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Патент USA US2070268

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Patented Feb.‘ _9, 1937'
_ 2,070,268
UNITED STATES PATENT OFFICE
’
2,070,268 _
‘ nmnno'rmofmmmn
"Hugh Bryson Glass, Anniston, All” assignor'to
Swann Research, Incorporated, a. corporation
of Alabama
N6 Drawing‘. Application July 10, 1931, Serial
No. 550,047
g
_
g
_ 2 Claims.
This invention relates to new compounds hav
ing improved dielectric and insulating properties.
One object of this'invention is the provision of
' means whereby the physical and electrical prop
_ ,5 erties of chlorinated diaryl compositions may be
changed at will within certain limits.' Another
object is the production of an improved dielec
,
(or. 252-—1)
in the production of my improved composition
are rather di?icult to identify chemically. They
are, as far as is now known, mainly composed of
the hydrocarbons, ortho and para diphenyl ben
zene and hence are related chemically and struc- 5
turally to diphenyl. The. origin of these hydro-l
carbonsgis similar to that of diphenyl, i. e., they
are .produced by the pyrolysis of benzol and are
separated from the pyrolysis product by distilla- ,
tric medium adapted for use'in electrical devices
such as' condensers or capacitors.
It) In the design of electrical condensers or capac
tion.
alternate layers of conduct g and non-conduct
ing material, the latter usu .ly being paper. .Al
20 ternate conducting plates during operation are
charged to‘ a, difference of electrical potential
and are connected to separate terminals. The'
remaining behind in the distillation ?ask may
be employed as such for the practice of'this in
vention, however, it is‘ desirable to further distill 20
these high boiling compounds. In doing so the '_'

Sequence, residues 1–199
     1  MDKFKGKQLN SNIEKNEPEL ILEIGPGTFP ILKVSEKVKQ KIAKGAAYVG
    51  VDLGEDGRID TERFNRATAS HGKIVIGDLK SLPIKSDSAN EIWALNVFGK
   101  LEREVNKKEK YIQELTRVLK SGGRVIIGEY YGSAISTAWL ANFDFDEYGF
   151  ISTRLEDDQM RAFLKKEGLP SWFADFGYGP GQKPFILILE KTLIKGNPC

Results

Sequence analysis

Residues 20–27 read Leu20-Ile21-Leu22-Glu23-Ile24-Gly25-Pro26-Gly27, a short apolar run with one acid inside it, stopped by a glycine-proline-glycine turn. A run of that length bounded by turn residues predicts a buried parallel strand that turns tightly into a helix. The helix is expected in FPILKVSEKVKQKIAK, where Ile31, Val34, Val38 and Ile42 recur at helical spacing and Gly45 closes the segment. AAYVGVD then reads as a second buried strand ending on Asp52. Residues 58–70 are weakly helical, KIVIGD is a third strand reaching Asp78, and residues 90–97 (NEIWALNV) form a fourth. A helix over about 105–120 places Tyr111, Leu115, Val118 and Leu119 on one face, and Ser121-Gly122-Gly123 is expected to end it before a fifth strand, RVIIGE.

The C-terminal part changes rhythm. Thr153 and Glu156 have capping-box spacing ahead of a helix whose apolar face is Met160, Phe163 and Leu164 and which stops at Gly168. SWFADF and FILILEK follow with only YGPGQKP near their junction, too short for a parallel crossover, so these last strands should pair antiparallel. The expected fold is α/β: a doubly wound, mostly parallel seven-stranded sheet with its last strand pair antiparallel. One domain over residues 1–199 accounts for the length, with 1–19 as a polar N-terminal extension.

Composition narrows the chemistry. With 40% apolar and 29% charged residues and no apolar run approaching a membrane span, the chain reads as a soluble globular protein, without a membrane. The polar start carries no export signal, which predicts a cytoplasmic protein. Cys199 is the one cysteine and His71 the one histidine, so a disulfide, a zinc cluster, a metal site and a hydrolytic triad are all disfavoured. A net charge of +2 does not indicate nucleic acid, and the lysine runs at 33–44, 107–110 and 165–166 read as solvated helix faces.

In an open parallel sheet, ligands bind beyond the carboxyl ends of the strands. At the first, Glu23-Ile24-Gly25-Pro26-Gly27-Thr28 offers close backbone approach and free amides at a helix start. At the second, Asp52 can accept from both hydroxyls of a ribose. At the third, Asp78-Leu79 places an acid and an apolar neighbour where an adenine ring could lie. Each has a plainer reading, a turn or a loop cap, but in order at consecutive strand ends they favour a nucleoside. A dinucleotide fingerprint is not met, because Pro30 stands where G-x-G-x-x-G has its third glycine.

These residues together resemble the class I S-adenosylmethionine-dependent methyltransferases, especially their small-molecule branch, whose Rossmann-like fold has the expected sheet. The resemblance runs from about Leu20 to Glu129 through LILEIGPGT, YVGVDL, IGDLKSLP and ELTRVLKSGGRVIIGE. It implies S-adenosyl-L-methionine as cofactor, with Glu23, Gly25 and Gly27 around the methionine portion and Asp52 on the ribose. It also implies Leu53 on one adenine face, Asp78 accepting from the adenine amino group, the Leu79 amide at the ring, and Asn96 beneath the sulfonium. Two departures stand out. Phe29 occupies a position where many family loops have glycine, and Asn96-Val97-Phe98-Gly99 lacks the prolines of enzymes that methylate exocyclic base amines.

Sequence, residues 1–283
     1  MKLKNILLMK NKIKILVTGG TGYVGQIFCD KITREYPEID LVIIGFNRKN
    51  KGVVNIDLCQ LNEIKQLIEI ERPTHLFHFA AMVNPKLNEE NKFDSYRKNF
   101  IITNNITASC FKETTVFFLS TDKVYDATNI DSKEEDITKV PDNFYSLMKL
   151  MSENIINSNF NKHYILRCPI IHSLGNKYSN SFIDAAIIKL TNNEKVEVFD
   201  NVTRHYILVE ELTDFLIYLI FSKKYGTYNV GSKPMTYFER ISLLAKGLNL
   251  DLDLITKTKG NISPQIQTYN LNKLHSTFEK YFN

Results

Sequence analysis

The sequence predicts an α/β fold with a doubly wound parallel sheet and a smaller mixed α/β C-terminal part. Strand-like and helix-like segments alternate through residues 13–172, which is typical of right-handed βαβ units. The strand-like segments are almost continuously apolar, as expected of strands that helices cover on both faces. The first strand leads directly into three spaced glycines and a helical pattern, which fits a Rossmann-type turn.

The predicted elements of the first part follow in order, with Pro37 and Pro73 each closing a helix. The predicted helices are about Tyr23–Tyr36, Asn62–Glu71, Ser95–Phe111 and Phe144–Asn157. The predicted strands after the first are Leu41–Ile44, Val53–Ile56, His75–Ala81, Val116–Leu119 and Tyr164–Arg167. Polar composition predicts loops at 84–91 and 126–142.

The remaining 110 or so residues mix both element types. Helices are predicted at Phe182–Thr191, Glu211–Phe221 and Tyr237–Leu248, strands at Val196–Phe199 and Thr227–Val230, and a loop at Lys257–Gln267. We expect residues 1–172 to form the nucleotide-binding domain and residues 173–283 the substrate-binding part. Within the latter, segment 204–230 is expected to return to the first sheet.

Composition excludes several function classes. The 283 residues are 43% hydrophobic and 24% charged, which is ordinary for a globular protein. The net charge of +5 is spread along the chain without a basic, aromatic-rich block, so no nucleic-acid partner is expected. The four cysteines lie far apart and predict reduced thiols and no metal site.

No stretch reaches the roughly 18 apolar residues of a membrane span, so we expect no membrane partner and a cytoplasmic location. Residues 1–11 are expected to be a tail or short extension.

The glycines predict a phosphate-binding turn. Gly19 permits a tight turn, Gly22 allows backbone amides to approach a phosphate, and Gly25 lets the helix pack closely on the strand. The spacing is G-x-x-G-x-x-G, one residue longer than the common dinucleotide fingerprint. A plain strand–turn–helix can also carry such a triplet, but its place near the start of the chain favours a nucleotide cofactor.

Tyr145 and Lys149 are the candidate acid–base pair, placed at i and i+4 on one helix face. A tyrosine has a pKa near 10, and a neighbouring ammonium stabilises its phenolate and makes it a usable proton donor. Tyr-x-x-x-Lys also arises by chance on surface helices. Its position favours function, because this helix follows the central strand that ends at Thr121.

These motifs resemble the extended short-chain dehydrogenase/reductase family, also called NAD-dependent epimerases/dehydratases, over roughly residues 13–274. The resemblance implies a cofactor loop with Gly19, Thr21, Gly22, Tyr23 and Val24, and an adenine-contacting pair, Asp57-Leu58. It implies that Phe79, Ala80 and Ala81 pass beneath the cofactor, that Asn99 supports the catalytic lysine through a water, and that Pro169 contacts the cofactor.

temperature may be raised to 390 to 400° C.,',and ;
a
>
10
itors for various purposes such as radio, lalter- ' Due to the appreciably higher boiling point pos
over that of diphenyl itself ,
hating current motor‘ and various other uses, it‘ sessed by these
is particularly advantageous, in order to confine’ . it is customary, when making a separation of
the apparatus in as small a space as possible to the pyrolysis productobtainedfrom benzene, to
use as an impregnant a dielectric having as high distill oil’ a technical‘ diphenyl fraction between 15
,‘ temperatures of 250x150 270°.C., at atmospheric
a dielectric constant as practicable.¢
Condensers or capacitors usually consist of " pressure. The residue or high boiling compounds
pack when suitably supported is subjected to
the high boiling fraction is thus divided into two ,
drying and impregnating treatment with av di ‘parts. and known as “distilled high boiling com;
pounds" and “still bottoms”. The last fraction
N) ill electricland insulating oil. For this purpose cer
tain of the chlorinated diphenyl oils have already or “still bottoms” thus obtained consists of some
very high boiling compounds together'with tar
been proposed._ In particular, chlorinated diphe
'
j .
nyl oils containing from 42 to 54%1'0'1’ chlorine and carbon. .
have been found useful for this purpose, these . ' In the preparation of‘ my improved dielectric
30 products possessing a fairly good/dielectric con . I prefer to mix together varying proportions of
stant an low T'power factor and high electrical diphenyl together with the kdistilledhigh boiling
compounds obtained as above and chlorinate
resistivity.
,
'
j
'
I have now'discovered that the capacity of the mixture by passing in chlorine gas. Rapid
electrical devices such as condensers can be ma-‘ and e?icient chlorination can be effected by the
addition of a small amount of iron or iron chlo35 terially improved by the use of certain chlori
nated‘high boiling diary] compounds either alone
or admixed with chlorinated diphenyl. The high
boiling compounds which vI prefer to employ are
produced as a by~product during the thermal
40 synthesis of diphenyl from benzol. I have also
'-
'
a
The composition obtained by my invention may
also be used alone or together with other ingre-.
50 dients as a cooling medium’ for transformers,
~
30
-
35
ride to the mixture of hydrocarbons'
~
when the'chlorination has reached the desired
degree the product is distilled preferably in vacua .
until it' has .almost completely distilled overs’
Yields on distillation in theuneighborhood of 95%’
may be expected. Considerable bene?t is ob
discovered that the density of the resulting chlo
tained by the addition» of small amounts of lime
rinated product containing the high boiling com
pounds is appreciably lower than that. of the 'to the distilling ?ask, which addition serves to